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Green protein pasta sauce

Green protein pasta sauce is the best name I could come up with. Sorry. I’ve seen the idea of adding some silken tofu to pasta sauces floating around on TikTok. Silken tofu doesn’t tick too many FODMAP boxes, so I decided to play around with some lactose free cottage cheese and white beans. And here we are! A super quick, delicious and beautiful green protein pasta sauce.

Green protein pasta sauce without onion or garlic

Before we begin, I want to point out that ‘protein’ in the name is not some gym bro recipe idea. It’s more about the fact that it can be harder to get protein into pasta dishes as a vegetarian. Sure, you can make vegan bolognese, but it’s harder in a pesto based pasta sauce. That’s why I developed this recipe. I’m not a nutritionist – just someone who wants to feel fuller for longer after a bowl of pasta.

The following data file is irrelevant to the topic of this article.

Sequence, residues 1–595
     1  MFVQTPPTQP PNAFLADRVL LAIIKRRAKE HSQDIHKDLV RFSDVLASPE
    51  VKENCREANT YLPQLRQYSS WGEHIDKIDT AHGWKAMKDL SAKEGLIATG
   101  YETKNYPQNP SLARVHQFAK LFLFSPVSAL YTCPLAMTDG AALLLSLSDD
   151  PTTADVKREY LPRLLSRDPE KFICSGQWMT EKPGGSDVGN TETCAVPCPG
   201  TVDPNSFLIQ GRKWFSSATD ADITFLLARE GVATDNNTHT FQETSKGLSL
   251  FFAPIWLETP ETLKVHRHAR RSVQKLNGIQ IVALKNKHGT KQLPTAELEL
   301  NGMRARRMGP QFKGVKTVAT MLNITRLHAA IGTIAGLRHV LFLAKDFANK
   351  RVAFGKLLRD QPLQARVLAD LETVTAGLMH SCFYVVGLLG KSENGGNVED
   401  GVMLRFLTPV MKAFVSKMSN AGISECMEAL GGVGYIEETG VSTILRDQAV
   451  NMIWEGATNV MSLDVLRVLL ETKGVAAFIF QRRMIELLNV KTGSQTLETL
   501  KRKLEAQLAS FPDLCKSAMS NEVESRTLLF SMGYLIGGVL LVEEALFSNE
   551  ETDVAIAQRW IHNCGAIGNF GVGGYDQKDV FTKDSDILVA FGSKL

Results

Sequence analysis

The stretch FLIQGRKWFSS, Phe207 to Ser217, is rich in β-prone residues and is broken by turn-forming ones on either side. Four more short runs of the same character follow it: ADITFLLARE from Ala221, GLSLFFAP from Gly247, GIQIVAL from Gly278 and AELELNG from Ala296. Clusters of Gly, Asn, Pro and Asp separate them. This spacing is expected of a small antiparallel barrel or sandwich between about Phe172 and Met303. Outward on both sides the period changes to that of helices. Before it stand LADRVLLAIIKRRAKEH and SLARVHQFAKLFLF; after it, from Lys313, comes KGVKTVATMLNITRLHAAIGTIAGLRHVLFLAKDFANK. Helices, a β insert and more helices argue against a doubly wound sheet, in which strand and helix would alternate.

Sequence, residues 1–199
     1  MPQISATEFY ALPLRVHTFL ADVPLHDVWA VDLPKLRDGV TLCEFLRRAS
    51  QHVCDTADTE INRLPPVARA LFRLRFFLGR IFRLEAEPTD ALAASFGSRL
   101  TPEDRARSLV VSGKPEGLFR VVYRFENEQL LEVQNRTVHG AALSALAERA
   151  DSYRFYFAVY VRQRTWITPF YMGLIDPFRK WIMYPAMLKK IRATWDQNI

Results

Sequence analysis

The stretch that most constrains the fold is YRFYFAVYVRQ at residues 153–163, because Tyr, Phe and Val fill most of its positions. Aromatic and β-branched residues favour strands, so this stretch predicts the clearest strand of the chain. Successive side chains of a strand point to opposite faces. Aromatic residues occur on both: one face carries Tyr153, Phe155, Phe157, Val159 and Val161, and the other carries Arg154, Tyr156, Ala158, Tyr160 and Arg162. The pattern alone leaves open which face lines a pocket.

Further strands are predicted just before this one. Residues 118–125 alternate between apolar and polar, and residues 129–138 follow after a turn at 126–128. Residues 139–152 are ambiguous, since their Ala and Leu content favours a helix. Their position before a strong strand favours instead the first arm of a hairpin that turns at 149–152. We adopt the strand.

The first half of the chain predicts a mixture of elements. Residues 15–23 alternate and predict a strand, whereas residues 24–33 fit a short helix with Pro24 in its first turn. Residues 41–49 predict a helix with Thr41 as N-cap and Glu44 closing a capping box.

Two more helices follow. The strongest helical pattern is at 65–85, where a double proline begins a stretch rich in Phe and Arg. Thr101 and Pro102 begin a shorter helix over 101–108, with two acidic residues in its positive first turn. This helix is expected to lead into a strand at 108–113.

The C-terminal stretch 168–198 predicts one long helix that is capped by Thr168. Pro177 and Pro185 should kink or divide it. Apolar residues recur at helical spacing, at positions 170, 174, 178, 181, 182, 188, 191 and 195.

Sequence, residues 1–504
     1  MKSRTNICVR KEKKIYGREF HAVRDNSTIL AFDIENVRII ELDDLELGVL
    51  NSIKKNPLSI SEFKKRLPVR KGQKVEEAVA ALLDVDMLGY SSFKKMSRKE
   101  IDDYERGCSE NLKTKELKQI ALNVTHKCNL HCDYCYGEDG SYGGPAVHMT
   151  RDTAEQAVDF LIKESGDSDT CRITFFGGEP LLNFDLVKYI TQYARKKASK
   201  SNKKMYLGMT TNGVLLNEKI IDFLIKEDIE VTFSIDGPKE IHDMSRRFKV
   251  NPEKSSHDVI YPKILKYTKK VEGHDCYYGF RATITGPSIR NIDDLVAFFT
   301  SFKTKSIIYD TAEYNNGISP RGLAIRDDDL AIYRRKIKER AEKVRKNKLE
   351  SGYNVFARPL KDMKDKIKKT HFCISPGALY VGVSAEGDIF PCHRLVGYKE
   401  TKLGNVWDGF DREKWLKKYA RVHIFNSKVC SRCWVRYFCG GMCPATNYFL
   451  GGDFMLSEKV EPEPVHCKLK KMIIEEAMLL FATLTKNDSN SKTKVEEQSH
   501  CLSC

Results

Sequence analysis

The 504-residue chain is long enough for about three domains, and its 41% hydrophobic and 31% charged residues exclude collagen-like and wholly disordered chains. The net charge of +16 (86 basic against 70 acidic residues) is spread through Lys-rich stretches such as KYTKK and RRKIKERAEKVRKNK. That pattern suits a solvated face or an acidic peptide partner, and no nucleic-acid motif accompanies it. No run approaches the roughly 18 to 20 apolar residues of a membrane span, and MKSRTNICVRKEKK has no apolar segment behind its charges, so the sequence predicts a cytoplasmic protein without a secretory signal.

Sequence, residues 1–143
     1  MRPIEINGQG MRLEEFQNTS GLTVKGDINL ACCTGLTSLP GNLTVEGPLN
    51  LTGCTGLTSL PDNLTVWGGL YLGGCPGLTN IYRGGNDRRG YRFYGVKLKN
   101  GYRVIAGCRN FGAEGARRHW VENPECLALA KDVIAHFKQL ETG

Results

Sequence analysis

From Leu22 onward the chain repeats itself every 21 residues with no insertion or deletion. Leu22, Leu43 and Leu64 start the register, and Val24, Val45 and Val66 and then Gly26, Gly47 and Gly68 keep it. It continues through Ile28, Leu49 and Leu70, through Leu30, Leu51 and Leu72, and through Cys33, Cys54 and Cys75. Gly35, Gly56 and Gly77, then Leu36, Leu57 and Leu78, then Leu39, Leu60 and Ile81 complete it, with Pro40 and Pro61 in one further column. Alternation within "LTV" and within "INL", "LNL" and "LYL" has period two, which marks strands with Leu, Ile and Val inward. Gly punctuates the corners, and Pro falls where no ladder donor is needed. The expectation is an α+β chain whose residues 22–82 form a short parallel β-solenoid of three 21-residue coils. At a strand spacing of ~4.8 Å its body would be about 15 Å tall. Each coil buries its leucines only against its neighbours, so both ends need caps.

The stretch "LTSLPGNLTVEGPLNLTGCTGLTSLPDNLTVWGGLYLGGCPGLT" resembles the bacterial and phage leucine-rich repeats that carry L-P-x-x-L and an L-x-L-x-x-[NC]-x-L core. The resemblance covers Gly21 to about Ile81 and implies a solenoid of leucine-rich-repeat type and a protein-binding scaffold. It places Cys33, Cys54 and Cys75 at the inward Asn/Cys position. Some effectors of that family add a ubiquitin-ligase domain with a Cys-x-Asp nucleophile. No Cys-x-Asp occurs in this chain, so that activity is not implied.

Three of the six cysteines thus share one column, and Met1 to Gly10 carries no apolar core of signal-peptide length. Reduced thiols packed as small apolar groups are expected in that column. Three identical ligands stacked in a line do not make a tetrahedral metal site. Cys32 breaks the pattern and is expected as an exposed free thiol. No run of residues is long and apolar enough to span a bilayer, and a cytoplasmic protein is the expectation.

This green protein pasta sauce is made without onion and garlic. It uses blanched kale and basil for the greens and flavour. Blanching kale helps set the gorgeous green colour, but it also removes the bitterness. Basil, in my eyes, is essential in anything that claims to be pesto.

The protein in the sauce comes from canned chickpeas and lactose free cottage cheese (which I have an easy recipe for).

A side on sunlit view of a white speckled ceramic plate topped with green protein pasta sauce coated spaghetti, lots of parmesan and garlic infused oil. The plate sits on a white stone benchtop and a glass of water sits to the top right of the image.

Green protein pasta sauce recipe notes

Blanching the kale really does give it a beautiful vibrant colour once finished. It also softens the flavour and makes the whole thing easier to blend.

This kale sauce doesn’t contain oil. Why? Because I love finishing my pasta dishes with garlic infused oil. When you use the oil in cooking it tends to disappear into the other flavours. When you drizzle it over at the end, though, the flavour really shines/

If you need a vegetarian parmesan (yes, they exist) see this list for options in Australia.